Q: Are the Health Risks of Obesity Exaggerated?

By Gaesser, Glenn A.; Fumento, Michael | Insight on the News, November 10, 1997 | Go to article overview

Q: Are the Health Risks of Obesity Exaggerated?


Gaesser, Glenn A., Fumento, Michael, Insight on the News


Yes: In fact, being a little heavier than average may actually be good for your health.

Of all our convictions about health, the belief that obesity itself is a killer has no rival when it comes to the gap between conventional wisdom and scientific evidence. Conventional wisdom tells us that obesity causes heart attack, that thin people live the longest, that weight loss invariably improves health. These beliefs are so firmly entrenched in our lipophobic mind-set that they seldom are questioned. They should be.

Despite assertions that obesity causes heart disease, the preponderance of autopsy and coronary angiography studies indicates that obesity is unrelated to cardiovascular disease. In fact, the largest of the angiographic studies -- more than 4,500 subjects, published in 1991 -- revealed that the fattest men and women had the cleanest arteries. The massive International Atherosclerosis Project (1960s) concluded after analysis of 23,000 sets of coronary vessels that there was no relationship between heart disease and body fat.

Furthermore, the "thin-is-healthier" studies frequently cited by health professionals and publicized by the media are far outnumbered (by about 3-to-1) by studies indicating body weight, aside from the extremes, to be rather neutral in terms of health. On the heavy side, "extreme" corresponds to more than 75 to 100 pounds above the so-called ideal weight. Only 8 percent of American adults fit this description -- and a number of them are quite healthy.

The health risks of moderate obesity have been greatly overstated, a conclusion emphasized in a 1996 report from the National Center for Health Statistics. After scrutinizing data from dozens of previously published studies, comprising a total of 356,747 men and 248,501 women (making it one of the most comprehensive analyses of the weight-mortality issue published to date), the researchers found that moderate obesity posed little, if any, threat to men and women, and that thin men, far from being paragons of longevity, had a risk of premature death equal to that of extreme obesity.

The "lose weight, live longer" axiom is similarly flawed: At least 80 percent of the relevant scientific evidence shows that weight loss actually increases the risk of an early demise. Because increased physical activity has been shown to have only positive effects on longevity, one need not be concerned about exercise-induced weight. However given the prevalence of dieting and diet-drug use during the last few decades, weight loss via these methods could rank as one of the leading contributing causes of premature death in America. Talk about irony.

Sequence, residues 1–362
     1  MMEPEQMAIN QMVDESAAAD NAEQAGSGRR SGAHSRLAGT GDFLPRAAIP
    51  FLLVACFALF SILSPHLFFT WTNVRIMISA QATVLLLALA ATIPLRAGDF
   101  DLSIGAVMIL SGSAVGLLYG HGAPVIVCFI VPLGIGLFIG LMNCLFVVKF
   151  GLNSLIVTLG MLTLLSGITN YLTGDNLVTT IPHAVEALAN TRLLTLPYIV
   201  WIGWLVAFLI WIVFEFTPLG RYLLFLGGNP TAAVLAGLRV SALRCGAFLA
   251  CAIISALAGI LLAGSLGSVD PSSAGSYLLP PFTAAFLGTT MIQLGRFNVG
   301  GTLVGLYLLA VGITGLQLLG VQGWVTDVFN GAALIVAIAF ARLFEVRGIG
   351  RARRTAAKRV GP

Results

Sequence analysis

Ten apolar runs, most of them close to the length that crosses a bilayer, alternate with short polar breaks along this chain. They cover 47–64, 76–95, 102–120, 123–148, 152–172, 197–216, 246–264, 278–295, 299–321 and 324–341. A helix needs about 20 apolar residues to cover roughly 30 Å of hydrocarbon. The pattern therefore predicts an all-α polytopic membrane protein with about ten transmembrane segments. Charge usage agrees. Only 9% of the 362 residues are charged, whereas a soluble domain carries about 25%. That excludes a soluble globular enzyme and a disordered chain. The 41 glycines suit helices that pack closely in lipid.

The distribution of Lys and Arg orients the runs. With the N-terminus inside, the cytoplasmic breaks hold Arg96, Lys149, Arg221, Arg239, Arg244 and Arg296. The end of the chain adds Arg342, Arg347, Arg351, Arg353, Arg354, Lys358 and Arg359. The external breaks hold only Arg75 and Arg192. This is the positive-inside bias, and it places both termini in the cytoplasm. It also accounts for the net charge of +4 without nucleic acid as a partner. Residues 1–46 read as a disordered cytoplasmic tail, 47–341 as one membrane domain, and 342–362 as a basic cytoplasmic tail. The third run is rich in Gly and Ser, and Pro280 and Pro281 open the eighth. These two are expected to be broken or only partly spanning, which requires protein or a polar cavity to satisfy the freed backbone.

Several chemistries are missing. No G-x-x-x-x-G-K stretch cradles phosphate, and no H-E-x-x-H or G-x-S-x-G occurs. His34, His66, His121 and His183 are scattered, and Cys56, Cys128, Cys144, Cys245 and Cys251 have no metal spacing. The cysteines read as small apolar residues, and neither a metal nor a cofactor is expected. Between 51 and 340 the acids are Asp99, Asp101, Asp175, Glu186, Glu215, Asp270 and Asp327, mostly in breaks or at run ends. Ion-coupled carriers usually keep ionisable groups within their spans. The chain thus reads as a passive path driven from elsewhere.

Conventional wisdom on the purported evils of obesity is a direct legacy of the life-insurance industry, mainly MetLife, which, for the better part of this century, has furnished us with the ubiquitous height/weight tables. Indeed, the company asserts that the tables indicate the weights at which mortality is lowest -- or longevity highest.

So it would seem logical to assume that any weight outside the recommended range carries with it the risk of an early death. To the contrary, a close inspection of MetLife's actuarial source for its tables -- the 1979 Build Study -- reveals that the company's recommended weights do not accurately reflect the data on which they were based. To illustrate, consider a woman of average height, say 5 feet 4 inches. According to MetLife's tables, she should weigh between 114 and 151 pounds. But if she happens to be 40 or older, MetLife's actuarial source indicates that she could weigh close to 200 pounds without experiencing any increase in risk of premature death. In fact, for an average-height (5 feet 3 inches to 5 feet 6 inches) woman in her fifties, the weight at which she would have the lowest of all mortality rates would be -- and this may be hard to believe but is written in black and white on page 152 of the 1979 Build Study -- 185-194 pounds. …

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